All posts by Fatima Arif

Metamorphosis

By Ayesha Aman

People say the woods are scary, I hear them whispering about it when they’re passing through. I never understood why, maybe it was because they didn’t know it as well as I thought I did. It was the only place I’ve ever called home. My daddy brought us to this part of the forest when the elder called for our species to grow. They used a very hard word, something like extension or extinction – mommy said he meant us deer were dying out. So I left my friends behind and followed my parents all the way here. Continue reading

Salman Rashid – Odysseus of Pakistan’s travelogues

by Fatima Arif

This quote by Martin Yan sums up the role travelling plays in the developing our minds. “People who don’t travel cannot have a global view, all they see is what’s in front of them. Those people cannot accept new things because all they know is where they live.”

When it comes to travelling it is not just  travelling to other countries that help form your perspective (though that definitely is a plus) but visiting places  can introduce to experiences that would help your intellectual growth.  Continue reading

Tofiq Pasha Mooraj – A Life Fueled with the Passion for Nature

By Fatima Arif

Tofiq Pasha Mooraj, is commonly recognized for his television shows Bagh Baani, Kitchen Garden and Go Camping with Pasha. However, there is a whole range of things that he has been involved in. If one has to sum up his forty plus years of work, it can be said that he has dedicated his life for a better and sustainable tomorrow. Despite all that he has done and continues to do, he has personally never called himself ‘an environmentalist’. Continue reading

Kamil Khan Mumtaz – Doing What You Think is Right (Part 2)

Kamil sahib has a long standing association with the old Walled City of Lahore, even before Walled City Mohalla Baazee started working in the area, for which he is most popularly known for. This chapter started when a local from the old Walled City filed a petition, stating that propertites were being demolished in the area and were being replaced by commercial plazas, damaging his private property which had been in his family since generations. Apparently the Walled City Authority was also not taking any steps against this activity, as per its mandate. As a result the court appointed a three-member committee to investigate the issue on ground and Kamil sahib was one of the members. Continue reading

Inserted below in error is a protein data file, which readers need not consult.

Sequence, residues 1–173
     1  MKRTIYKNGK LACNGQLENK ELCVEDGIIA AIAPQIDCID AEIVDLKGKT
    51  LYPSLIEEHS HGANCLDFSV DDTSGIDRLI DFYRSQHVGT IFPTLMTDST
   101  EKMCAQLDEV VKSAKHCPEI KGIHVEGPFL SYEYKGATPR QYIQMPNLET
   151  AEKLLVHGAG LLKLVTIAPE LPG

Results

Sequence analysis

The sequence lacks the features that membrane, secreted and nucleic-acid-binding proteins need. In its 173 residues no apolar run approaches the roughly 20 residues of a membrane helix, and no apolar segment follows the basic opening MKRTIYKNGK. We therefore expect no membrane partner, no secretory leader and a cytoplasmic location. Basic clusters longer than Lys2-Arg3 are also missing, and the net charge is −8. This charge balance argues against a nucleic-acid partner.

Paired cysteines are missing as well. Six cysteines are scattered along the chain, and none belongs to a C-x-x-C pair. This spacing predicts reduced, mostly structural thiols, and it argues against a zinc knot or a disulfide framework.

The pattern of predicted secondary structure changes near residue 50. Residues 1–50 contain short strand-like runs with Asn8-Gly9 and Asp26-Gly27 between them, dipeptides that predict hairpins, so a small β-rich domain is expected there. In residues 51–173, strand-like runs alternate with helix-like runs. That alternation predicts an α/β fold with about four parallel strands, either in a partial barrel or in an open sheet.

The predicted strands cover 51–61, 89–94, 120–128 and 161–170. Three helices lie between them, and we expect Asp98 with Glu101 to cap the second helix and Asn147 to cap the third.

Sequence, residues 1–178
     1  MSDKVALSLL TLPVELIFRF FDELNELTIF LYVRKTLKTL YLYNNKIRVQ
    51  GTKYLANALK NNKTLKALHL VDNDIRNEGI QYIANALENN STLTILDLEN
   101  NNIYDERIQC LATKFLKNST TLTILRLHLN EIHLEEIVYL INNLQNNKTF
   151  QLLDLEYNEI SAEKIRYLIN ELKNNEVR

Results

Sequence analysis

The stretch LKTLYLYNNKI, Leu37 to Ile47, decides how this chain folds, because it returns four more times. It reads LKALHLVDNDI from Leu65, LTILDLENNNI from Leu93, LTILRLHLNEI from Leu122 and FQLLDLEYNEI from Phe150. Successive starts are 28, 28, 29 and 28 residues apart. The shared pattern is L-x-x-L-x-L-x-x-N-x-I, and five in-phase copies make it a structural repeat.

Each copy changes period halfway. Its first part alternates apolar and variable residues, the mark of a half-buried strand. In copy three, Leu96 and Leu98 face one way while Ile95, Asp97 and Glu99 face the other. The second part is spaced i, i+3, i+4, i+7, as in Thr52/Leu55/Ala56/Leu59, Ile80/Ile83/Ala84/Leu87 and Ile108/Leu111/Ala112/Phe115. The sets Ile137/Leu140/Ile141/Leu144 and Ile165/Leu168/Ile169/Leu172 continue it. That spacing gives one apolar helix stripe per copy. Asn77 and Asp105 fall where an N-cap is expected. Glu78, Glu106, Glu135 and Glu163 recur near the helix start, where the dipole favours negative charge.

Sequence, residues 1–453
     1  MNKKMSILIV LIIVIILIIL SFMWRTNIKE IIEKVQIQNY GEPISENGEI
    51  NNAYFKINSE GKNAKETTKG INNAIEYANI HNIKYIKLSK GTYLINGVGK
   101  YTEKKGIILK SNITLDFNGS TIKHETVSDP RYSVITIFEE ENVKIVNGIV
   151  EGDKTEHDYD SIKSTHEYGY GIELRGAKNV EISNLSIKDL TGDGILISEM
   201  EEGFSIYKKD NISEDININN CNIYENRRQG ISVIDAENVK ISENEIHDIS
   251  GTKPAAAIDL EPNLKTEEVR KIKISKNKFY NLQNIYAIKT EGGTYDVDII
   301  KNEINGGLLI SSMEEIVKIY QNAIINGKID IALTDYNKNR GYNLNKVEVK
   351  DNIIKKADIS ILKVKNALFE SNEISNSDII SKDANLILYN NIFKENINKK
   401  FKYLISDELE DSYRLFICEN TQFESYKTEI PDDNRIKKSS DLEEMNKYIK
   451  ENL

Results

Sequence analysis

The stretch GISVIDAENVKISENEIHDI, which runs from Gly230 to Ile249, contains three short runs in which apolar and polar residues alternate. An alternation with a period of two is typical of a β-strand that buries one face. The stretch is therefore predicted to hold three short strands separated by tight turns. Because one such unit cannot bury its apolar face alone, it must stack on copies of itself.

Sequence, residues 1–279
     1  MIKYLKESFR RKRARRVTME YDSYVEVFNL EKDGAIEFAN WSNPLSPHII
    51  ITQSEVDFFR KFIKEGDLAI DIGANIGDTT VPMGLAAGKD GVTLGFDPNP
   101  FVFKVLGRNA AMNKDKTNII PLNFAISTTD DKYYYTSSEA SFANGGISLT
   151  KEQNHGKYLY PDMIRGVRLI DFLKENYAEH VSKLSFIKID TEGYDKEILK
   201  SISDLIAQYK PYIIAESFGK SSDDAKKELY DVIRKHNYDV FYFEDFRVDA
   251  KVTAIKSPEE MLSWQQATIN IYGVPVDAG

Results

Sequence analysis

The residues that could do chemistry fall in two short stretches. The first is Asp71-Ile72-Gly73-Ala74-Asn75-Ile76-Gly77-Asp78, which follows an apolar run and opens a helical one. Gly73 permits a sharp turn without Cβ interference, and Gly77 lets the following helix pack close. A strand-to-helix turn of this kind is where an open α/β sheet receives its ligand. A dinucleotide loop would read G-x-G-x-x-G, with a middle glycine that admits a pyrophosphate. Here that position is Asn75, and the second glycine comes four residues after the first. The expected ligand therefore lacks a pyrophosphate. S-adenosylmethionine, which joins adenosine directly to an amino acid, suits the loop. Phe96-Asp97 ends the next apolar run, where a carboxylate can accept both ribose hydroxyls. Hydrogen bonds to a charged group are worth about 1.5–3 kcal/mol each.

Kamil Khan Mumtaz – Doing What You Think is Right (Part 1)


Kamil Khan Mumtaz, is a practicing architect based in Lahore. He completed his academic training in the field from Architectural Association, School of Architecture London in the 1960s. After completing his academic training he worked in London for two years in the field and then took up the responsibility of an educationist and taught in West Africa before returning to Pakistan to continue his practice and simultaneously pursuing the field of academics as well. Between 1966 and 1975, he taught and then served as the head of the National College of Arts, Lahore.

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Farewell to Pangolin

Usually, I go to bed late at night. I read an article or go through an eye-catching and inspirational book. But when I fail to find something interesting, I turn on the television. I believe that newspapers, media and books are a good source of information and keep people updated with the latest developments in the world. Above all, social media has made human interaction and access to information easy in far reaching areas. In the current era, one can get in touch with family and friends in any corner of the world in just a few moments. Thanks to Facebook, Twitter and other social media platforms. It could be rightly called the power of media in general and social media in particular. Relating to this, there is a story that I want to share with my colleagues and other readers. Continue reading

MASTER ABDUR REHMAN: A CONSERVATIONIST

I woke up elated this morning as it was the last Monday of the month, which meant that the first thing after the Pakistani flag raising ceremony and singing of national anthem, the students of my primary school would go to the Kund Malir beach and collect garbage from its shores.  This has been the practice of my students for the last two years.  The students would queue up on the rocky ledge near their school and march towards the beach which is about half a kilometre from there. It is a panoramic view, these students carrying plastic containers along the Makran Coastal Highway. On reaching the beach, they do not need any direction; they just roam around to collect garbage. Within 15 minutes the whole beach can be cleaned of any solid waste left by picnickers. The collected garbage is brought to higher ground, far away from the beach and buried in a deep pit dug by the students. Continue reading

Climate Change is a Human Rights Issue

67243_456376638104_2975151_nStart discussing environmental issues with someone who is not part of the subject and the discussion is usually going to end with the statement that we have far worse issues to deal with and giving priority to environmental issues is the problem of the first world. This is far from the truth. In fact climate change is a human rights issue and it is time that we own it. According to German Watch Climate Risk Index 2015, Pakistan is the 6th most affected county by climate change.

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